And what tax raising powers does the mayor of London have. None at all. That's right absolutely zilch. The mayor has a budget and is given money by central government. Local councils in Britain like elsewhere in Europe, and in Estonia, get most of their income from central government allocations. They have very limited tax raising powers they do earn income from a tax on property. It's called council tax and its the only type of tax that's allowed at a local level. The national government can restrict the amount council tax local council can charge. If you don't own property you don't pay.

Who has more power?

One foreigner was more angry than Estonians about all this.

“In ANY western country, a local mayor would be politically dead if he ever tried to interfere in the national government policies, ” he wrote on a news forum.

Some have pointed out that what is more shocking is not that Savisaar is dictating terms to the national government, basically blackmailing them, for want of a better word, but that Ansip and the government did not make a big deal out of it.

In any other country there would already be a bill winging it's way through Parliament curtailing the power of the local government.

Of course the principles of decentralisation and subsidiarity are noble ones, but Estonia is a decentralised nation with a too powerful centre.

Tallinn not only gets one third of all states money allocated to local government it also gets four fifth of all direct investment into the country. As far as the outside world is concerned, Tallinn is Estonia.

When the centre is so large, it makes a nonsense of decentralisation.

Foreigners visitors to Estonia are often puzzled by the fact that the leader of the opposition would want to be mayor. With this kind of power, why wouldn't he be? In fact who wouldn't rather be in local politics than in national politics.

So Boris Johnson may run a city of millions, but he can't make them pay more for soap, he can't decide breakfast for them; and he certainly can't bully the Prime Minister. No mayor can do that, except in Estonia it seems.

Tell me, who has more power?


Popular posts from this blog

Tallinn's unlikely twin By Abdul Turay First published November 2008 The idea behind twinning is that two vaguely similar cities exchange cultural links for their mutual benefit. Warsaw is twinned with Coventry – both cities were flattened by the Luftwaffe, after all. Tartu, the famous Estonian university town, is twined with Uppsala which is the home to the oldest university in Scandinavia. And Tallinn… Tallinn is twinned with Dartford. Come again, Dartford! For those of you who don’t know Britain well, Dartford is a dull dormitory suburb on the back end of London. Dartford is in the county of Kent, the so-called “garden of England”. Technically it is both a town and a borough , but it is not a city since it doesn’t have a Royal charter to call itself that. Say the word “Dartford” to most Britons, and they will answer back “tunnel”. The Dartford crossing is both a tunnel and a bridge. It links up Kent with London both above and below the river Thames. When City Paper called up the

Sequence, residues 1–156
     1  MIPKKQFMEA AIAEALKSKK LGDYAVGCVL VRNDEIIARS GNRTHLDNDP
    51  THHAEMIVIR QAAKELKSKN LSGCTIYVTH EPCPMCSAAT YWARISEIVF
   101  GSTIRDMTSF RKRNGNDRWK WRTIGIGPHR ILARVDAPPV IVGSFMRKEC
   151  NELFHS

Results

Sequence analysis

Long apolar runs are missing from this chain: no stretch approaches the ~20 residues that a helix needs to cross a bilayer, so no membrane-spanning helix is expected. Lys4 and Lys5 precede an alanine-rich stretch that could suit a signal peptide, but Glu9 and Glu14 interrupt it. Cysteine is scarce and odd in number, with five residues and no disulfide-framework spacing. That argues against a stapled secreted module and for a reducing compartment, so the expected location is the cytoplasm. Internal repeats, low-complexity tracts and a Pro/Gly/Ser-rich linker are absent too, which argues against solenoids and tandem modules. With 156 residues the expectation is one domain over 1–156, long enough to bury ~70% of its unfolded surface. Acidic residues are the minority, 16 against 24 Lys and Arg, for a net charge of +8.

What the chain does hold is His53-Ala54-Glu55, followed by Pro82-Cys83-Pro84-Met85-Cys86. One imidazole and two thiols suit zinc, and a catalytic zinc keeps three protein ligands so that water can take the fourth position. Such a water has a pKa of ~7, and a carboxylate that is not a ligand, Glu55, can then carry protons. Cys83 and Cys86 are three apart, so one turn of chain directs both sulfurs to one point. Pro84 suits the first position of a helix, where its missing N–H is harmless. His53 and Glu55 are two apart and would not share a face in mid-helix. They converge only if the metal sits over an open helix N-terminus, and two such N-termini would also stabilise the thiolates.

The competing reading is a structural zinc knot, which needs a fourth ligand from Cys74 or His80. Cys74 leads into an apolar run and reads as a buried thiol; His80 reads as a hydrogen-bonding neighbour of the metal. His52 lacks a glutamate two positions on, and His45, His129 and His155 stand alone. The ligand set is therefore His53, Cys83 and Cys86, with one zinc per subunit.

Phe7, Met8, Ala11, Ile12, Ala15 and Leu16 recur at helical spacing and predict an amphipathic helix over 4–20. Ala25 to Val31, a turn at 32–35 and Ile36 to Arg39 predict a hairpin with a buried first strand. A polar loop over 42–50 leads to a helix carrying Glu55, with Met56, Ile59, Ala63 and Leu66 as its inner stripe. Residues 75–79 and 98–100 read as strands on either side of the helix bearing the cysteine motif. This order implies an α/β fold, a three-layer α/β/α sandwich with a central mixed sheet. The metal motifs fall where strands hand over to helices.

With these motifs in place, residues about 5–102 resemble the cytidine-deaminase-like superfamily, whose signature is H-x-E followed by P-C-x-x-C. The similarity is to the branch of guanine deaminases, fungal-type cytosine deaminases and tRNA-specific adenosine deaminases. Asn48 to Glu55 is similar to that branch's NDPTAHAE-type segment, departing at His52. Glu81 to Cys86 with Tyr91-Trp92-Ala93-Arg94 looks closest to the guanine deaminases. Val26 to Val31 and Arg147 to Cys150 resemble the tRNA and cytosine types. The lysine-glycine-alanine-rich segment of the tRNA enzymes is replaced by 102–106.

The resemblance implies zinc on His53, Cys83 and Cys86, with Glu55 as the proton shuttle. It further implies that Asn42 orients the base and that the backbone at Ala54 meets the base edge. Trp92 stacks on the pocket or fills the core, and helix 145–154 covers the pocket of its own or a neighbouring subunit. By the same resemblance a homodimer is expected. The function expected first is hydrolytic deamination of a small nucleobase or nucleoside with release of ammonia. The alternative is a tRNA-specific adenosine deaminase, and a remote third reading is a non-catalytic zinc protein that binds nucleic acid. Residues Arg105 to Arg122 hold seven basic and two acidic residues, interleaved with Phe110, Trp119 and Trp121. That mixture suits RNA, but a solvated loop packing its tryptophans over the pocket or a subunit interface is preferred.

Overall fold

Black men, Estonian women: the truth By Abdul Turay Published Postimees 11 November 2009 Well that got your attention; the headline I mean. Any story on this subject, the technical term is miscegenation, is bound to get punters. The yellow media, women's magazines and reality TV shows are obsessed with the subject. Not a month goes by without some publication writing about it. Anne and Style, for example, recently ran a long feature about mixed couples. Most of these stories are muddle-headed and wrong. There's paranoia in this country that there is an army of dark-skinned men form Turkey, the tropics, some place south, who are going to make off with the nation's women. It's never going to happen. I'll explain why in a minute. Seriously, I think there are more important things to think about and worry about. I worry about feeding my family. I worry about other people being able to feed their families, so I write about politics and economics. But the p
A black president for a white nation By Abdul Turay First published Postimees 11 November 2008 A few months ago I was having dinner with an American journalist friend visiting from New York. I joked to her that it seemed like there are only five black people in Estonia.... and two of them are drug dealers. Now the most powerful man on the planet is a black man. What does this mean for Estonia, one of the whitest nation's on Earth? Though this US election was fought on the issues, not on race, it was pretty clear once Obama was elected the huge historical significant of event would be celebrated. Some people may think President-elect Obama’s race doesn’t matter. Some even believe he isn’t really black. After all the president-elect’s mother was white and he was raised by his white grandparents. Those people are wrong. Obama is really black and it really does matter. Most black people everywhere see Obama's election as a personal victory for them. Ninety five per cent of Afri